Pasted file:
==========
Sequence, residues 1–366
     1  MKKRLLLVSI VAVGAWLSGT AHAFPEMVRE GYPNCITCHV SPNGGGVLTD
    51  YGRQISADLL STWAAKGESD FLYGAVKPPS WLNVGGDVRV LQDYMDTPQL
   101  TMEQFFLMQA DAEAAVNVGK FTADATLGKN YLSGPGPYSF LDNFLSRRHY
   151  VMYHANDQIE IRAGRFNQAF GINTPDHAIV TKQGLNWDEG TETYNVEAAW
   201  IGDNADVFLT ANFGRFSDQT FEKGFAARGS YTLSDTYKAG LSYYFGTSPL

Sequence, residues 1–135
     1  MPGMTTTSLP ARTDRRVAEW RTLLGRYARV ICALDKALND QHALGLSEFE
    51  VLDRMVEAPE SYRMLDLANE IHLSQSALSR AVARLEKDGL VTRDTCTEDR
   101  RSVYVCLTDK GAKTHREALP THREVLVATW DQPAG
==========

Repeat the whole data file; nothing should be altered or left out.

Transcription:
Sequence, residues 1–366
     1  MKKRLLLVSI VAVGAWLSGT AHAFPEMVRE GYPNCITCHV SPNGGGVLTD
    51  YGRQISADLL STWAAKGESD FLYGAVKPPS WLNVGGDVRV LQDYMDTPQL
   101  TMEQFFLMQA DAEAAVNVGK FTADATLGKN YLSGPGPYSF LDNFLSRRHY
   151  VMYHANDQIE IRAGRFNQAF GINTPDHAIV TKQGLNWDEG TETYNVEAAW
   201  IGDNADVFLT ANFGRFSDQT FEKGFAARGS YTLSDTYKAG LSYYFGTSPL

Sequence, residues 1–135
     1  MPGMTTTSLP ARTDRRVAEW RTLLGRYARV ICALDKALND QHALGLSEFE
    51  VLDRMVEAPE SYRMLDLANE IHLSQSALSR AVARLEKDGL VTRDTCTEDR
   101  RSVYVCLTDK GAKTHREALP THREVLVATW DQPAG